The Larger Trend

For some in the Jewish community, it is very difficult to comprehend the rapid rise in Jewish intermarriage rates, from single-digits before 1960, to 30% in the 1970s, and approaching 50% in the 1990s to today. Sure, Jews are a special people…but in this regard (as in many others), they are also totally American. And intermarriage for every type of person in America has risen over the same period, between all religions (not just Judaism) as well as between ethnicities and races. A lot of it has to do with the Civil Rights that Jews were—perhaps ironically—so influential in winning.

A recent New York Times article with an appropriately Biblical headline—”When You Contain Multitudes“—discusses how this larger trend impacts on the children of interracial marriage. While Judaism is not mentioned, one of the young people featured in the piece is Jen Chau, whose mom is Jewish and dad is of Chinese heritage. We at JOI had the pleasure of working with Jen briefly when she was at the Jewish Multiracial Network. She is a remarkable activist, a co-director of and the executive director and founder of Swirl, a national non-profit organization that provides support to mixed race individuals. To us, she embodies the great potential among today’s generation of proud Jewish children of intermarried parents.

Once you see that Jewish intermarriage is part of this much larger trend and not an issue unique to Jews, and when you combine that with the movement away from traditional “Jewish neighborhoods” into farther-flung suburbs or cities with smaller Jewish populations, you begin to understand how the arguments by some within the organized Jewish community for “fighting intermarriage” becomes more and more futile.

It is not just that Jews are “choosing” to intermarry, and therefore if we simply affect the Jews we can affect the intermarriage rate; it’s that Jews are deeply engaged in American society, and American society is choosing to intermarry!

After a quarter-century of high intermarriage rates, and the near-equal number of intermarried households to in-married households already on the ground, it’s a pretty safe bet to say that Jewish intermarriage is here to stay. The key to creating a Jewish future of growth rather than decimation is in finding ways to engage intermarried households and other newcomers into Jewish life. To date, the Jewish community has done a miserable job overall of reaching out, because in general the political will to do so is simply not there among much of our leadership. All of the highest-profile programs of Jewish “continuity” are undergirded by the hope that they will lead to more in-marriages. Instead, JOI has a new vision.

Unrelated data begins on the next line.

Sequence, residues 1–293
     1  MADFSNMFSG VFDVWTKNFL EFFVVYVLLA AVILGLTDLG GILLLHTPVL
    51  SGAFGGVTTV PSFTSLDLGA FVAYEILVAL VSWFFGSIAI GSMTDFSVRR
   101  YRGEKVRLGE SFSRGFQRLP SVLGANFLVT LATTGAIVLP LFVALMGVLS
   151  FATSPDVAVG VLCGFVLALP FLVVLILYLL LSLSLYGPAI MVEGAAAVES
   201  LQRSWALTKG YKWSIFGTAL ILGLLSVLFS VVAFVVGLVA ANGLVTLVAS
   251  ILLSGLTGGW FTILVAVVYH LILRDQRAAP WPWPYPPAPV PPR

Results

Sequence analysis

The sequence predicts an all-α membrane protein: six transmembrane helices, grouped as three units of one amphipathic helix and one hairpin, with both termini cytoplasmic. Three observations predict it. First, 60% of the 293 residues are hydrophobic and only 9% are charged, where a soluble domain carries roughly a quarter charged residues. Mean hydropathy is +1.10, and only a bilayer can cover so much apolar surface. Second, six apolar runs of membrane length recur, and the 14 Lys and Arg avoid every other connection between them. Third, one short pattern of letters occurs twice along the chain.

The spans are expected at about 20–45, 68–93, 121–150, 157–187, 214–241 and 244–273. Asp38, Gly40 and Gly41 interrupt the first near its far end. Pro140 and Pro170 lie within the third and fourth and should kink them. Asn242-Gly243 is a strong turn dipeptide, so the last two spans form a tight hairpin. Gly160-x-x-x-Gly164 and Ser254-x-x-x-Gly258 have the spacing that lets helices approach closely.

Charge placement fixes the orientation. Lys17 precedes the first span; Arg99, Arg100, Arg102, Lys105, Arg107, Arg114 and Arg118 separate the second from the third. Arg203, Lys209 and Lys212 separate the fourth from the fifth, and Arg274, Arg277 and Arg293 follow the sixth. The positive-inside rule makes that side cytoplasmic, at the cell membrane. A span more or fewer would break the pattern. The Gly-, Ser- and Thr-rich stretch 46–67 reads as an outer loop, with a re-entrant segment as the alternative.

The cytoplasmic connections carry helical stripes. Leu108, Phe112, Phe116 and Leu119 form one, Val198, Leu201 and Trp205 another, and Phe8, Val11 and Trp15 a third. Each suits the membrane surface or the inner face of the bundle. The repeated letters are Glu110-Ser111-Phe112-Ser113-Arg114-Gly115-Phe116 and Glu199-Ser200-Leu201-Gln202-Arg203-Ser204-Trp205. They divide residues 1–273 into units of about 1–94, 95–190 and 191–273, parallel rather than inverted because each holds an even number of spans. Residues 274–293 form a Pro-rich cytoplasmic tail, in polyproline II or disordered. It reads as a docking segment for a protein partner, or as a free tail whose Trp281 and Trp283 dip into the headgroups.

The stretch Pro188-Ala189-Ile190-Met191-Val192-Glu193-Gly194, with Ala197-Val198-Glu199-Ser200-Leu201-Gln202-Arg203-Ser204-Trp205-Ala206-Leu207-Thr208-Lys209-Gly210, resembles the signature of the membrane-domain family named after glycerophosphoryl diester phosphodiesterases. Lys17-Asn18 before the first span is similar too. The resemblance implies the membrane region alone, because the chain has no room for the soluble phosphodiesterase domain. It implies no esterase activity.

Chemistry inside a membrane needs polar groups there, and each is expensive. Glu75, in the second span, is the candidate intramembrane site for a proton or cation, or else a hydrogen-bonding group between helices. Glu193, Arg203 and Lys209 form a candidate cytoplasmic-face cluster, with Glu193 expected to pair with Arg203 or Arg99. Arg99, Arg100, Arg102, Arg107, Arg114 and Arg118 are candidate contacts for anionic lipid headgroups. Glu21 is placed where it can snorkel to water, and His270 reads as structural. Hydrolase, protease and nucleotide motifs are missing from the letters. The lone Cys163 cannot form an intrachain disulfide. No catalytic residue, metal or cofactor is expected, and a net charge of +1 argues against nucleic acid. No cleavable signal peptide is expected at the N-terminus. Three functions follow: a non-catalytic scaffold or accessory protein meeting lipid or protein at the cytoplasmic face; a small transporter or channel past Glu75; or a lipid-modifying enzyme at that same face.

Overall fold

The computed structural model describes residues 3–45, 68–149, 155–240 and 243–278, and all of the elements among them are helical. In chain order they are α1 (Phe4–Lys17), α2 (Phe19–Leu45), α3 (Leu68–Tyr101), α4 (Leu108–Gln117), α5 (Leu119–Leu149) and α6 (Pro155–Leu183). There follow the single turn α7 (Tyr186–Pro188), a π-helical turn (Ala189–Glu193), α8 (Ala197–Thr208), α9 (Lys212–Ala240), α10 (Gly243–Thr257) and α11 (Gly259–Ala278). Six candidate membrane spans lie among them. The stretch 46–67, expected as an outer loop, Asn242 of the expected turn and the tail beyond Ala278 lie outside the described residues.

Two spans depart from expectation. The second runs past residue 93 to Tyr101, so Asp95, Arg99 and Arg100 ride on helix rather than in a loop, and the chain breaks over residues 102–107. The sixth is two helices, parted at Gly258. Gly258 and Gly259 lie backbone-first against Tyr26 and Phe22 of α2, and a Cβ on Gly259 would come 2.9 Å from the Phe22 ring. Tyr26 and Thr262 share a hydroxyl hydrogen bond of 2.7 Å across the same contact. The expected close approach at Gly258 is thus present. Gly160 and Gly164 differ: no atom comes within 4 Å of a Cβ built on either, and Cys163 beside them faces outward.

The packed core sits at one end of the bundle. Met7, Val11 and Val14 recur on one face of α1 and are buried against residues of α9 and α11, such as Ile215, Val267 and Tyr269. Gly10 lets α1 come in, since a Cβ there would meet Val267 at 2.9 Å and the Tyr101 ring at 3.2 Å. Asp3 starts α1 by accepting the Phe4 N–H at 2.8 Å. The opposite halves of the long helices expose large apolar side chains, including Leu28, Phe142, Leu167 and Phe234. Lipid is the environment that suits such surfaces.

Let’s remove intermarriage as the defining issue of Jewish continuity and put all our focus on the raising of Jewish children. Because intermarriage doesn’t end Jewish continuity, not raising Jewish children ends Jewish continuity.

That will require us to proudly hold up as models those intermarried households who have created strongly-identified Jewish children. It will require us to tell Jen Chau’s dad THANK YOU. You are a hero to the Jewish people, because you helped create a strong Jewish identity in your child, and because you pushed through an unwelcoming Jewish community to make that happen. We need to make sure that in the future, people like Jen and her dad only encounter positivity from the Jewish community. That’s how we’re going to keep them engaged: by providing a meaningful, welcoming home.

Jewish “peoplehood” is hard to define, but it’s not just a religion, and it’s certainly not an ethnicity. What “peoplehood” means to Jews in the 21st Century is up to all of us to define.

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